An electron is a quantum object , that is, is it the by the Heisenberg uncertainty principle local described and momentum spread in the measurable range, so that, as for light both shafts  as well as particle properties can be observed, which as a waveparticle duality designated becomes. In an atom, the electron can be viewed as a standing wave of matter .
Experiments
The ratio e / m of the electron charge to the electron mass can be determined as a school experiment with the fine beam tube . The direct determination of the elementary charge was made possible by the Millikan experiment .
For electrons whose speed is not negligibly small compared to the speed of light , the nonlinear contribution to the momentum must be taken into account according to the theory of relativity . Electrons with their low mass can be accelerated to such high speeds relatively easily; With a kinetic energy of 80 keV , an electron has half the speed of light. The impulse can be measured by deflecting it in a magnetic field. The deviation of the momentum from the value calculated according to classical mechanics was first demonstrated by Walter Kaufmann in 1901 and, after the discovery of the theory of relativity, initially described with the term “ relativistic mass increase ”, which is now regarded as obsolete.
Free electrons
In the cathode ray tube (Braun's tube), electrons emerge from a heated hot cathode and are accelerated in the vacuum by an electric field in the direction of the field (towards the positive anode ) . The electrons are deflected by magnetic fields perpendicular to the direction of the field and perpendicular to the current direction of flight ( Lorentz force ). It was these properties of the electrons that made the development of the oscilloscope , the television and the computer monitor possible.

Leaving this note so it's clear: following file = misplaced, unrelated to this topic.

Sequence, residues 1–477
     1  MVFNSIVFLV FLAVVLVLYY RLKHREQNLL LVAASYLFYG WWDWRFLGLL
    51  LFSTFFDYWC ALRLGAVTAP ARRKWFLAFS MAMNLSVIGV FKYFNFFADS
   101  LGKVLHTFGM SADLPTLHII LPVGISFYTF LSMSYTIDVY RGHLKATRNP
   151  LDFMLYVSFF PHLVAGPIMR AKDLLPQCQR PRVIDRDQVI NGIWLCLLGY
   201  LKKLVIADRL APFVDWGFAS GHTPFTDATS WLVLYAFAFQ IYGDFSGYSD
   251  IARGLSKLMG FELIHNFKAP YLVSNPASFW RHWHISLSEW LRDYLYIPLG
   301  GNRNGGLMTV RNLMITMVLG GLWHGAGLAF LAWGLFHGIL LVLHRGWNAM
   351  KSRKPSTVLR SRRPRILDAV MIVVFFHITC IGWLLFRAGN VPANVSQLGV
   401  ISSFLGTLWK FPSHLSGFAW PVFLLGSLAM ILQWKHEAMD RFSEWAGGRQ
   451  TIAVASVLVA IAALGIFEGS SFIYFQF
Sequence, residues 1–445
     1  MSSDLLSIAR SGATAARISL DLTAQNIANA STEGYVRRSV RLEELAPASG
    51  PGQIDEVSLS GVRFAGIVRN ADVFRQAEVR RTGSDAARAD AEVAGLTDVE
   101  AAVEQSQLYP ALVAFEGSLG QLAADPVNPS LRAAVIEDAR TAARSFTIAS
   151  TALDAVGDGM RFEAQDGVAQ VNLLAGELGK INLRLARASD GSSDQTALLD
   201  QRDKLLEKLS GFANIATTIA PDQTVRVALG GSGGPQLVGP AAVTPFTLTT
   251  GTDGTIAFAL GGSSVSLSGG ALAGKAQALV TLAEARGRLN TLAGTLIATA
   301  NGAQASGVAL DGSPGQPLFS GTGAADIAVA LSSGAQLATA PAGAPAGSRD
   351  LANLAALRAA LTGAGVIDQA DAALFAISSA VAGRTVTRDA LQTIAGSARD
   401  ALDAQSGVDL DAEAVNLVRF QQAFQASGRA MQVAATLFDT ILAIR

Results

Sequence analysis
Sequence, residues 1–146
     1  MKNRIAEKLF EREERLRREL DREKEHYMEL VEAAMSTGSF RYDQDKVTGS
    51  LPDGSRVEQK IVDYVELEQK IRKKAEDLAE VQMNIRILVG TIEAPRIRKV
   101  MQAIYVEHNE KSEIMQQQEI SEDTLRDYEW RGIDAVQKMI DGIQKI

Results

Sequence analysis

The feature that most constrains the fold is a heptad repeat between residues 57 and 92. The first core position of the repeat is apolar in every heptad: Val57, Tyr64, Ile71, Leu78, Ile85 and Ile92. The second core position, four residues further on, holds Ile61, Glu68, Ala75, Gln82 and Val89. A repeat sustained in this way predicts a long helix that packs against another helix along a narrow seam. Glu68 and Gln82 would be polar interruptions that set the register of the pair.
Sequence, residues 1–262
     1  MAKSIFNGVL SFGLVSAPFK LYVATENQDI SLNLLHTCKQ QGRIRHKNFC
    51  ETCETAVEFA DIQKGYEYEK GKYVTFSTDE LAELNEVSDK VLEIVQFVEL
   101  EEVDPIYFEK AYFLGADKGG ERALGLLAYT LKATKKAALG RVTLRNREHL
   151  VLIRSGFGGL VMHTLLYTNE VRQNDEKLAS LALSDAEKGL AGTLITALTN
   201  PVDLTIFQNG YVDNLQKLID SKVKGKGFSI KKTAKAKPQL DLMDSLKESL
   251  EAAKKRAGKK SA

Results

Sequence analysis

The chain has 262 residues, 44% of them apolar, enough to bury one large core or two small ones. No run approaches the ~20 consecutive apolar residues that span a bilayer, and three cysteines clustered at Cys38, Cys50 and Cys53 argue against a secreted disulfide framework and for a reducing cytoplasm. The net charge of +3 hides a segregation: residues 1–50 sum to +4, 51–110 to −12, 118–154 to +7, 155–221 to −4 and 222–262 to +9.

Further applications of free electrons are e.g. B. the Xray tube , the electron microscope , electron beam welding , basic physical research using particle accelerators and the generation of synchrotron radiation for research and technical purposes. See also electron beam technology .
Web links
 The Problem of Mass for Quarks and Leptons  Lecture (English) by Harald Fritzsch on March 22, 2000 in the Kavli Institute for Theoretical Physics (lecture documents, 43 pages / audio recording, 82 min, 10 MB).